|Mike Borland and his camera, American Gothic-style|
Today photojournalist/reporter Mike Boland from WHO-TV (NBC, Channel 13) in Des Moines came to the American Gothic House to do a story. He had seen Kyle Munson’s front page story on me in the Des Moines Register on Monday and essentially wanted to do a televised version of the piece. The thing is, Mike arrived when I was in the middle of making 10 apple pies for my inaugural pie sales for my brand new Pitchfork Pie Stand. While I was very flattered he wanted to shoot me making pie, let alone do a story in the first place, it is very difficult to answer questions like “How did you come to live in the American Gothic House?” and “How do you like living in the American Gothic House?” when you are trying to concentrate on adding key ingredients. “I had been visiting my childhood home in Ottumwa and saw the sign for the house….” Darnit! Did I already add salt to those last two pies?
I am still a little insecure about my baking after forgetting the sugar and cinnamon in that pie I was making for The Neighbor. Kind of like when you get in a car accident and you don’t trust yourself driving for a long time afterward. “Do you think we can talk after I get these pies in the oven?” I pleaded. He said yes. We went outside and sat on a park bench in front of my famous house and I told him — told his camera — the rest of my story. I told him about my husband Marcus dying, about needing to get out of Portland, about being a pie judge at the Iowa State Fair, about finding the house where I now live…and then it was time to take the pies out of the oven.
|My first customer!|
The pies turned out beautifully, complete with little pitchfork vent-patterns on the top crust. No sooner did I set them on the dining room table to cool a group of six ladies barged in my front door. No knock. Just came in like family. But how could I refuse? They were all wearing red hats and purple jackets! The Red Hat Society. In fairness to them, I had chatted with them earlier on the front lawn and suggested they might enjoy a slice of warm apple pie. “No,” they said. “We just ate lunch. Too bad we didn’t know beforehand.” Well, even I didn’t know beforehand as I wasn’t going to start selling pie until TOMORROW. But now these charming, perky, smiling, well-dressed women marched right through the living room and into my office and went straight my table full of pies. The apple scent was so powerful I’m sure they were just following their noses. And they wanted to buy pie.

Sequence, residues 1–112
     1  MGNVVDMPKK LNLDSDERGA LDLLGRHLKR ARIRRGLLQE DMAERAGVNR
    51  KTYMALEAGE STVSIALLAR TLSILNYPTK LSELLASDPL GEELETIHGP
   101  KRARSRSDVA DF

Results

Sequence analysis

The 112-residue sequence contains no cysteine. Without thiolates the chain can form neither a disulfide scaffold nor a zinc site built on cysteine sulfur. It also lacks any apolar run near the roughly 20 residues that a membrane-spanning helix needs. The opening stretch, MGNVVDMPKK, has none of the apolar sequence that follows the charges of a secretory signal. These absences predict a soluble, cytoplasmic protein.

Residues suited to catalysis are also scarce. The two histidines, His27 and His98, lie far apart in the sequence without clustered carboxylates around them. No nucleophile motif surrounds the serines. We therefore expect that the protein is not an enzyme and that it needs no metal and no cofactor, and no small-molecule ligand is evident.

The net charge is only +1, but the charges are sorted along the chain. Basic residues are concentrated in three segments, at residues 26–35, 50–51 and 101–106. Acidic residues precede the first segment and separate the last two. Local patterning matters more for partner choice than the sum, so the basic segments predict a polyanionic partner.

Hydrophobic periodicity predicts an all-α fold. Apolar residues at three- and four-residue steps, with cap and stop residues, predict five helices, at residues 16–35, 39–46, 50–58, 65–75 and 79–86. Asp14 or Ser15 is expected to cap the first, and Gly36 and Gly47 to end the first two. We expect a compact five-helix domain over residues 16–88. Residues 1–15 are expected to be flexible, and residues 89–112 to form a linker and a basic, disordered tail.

Mike started rolling tape and documented the occasion. I sold three pies on the spot! Given that I had been up since 6AM baking and my hands were tired from peeling apples I had no problem accepting payment for the, sorry for the pun, “fruits” of my labor.
The Red Hat Society ladies left. Mike and his camera left. And then, after all that, I left. I had to drive to Ottumwa to buy more apples to make more pies.
And so begins the grind of a pie businessperson. It’s much easier to write about pie than to make it for the masses! Not to get ahead of myself — I’ve only sold 3 pies — but I already think I’m going to have to hire some of Eldon’s local pie bakers to help. Because the world really does need more pie.
Mike Borland’s segment about the American Gothic House, pie and me airs Monday, October 18 during the 5:00 news. Also check the WHO-TV website for an additional online-only segment.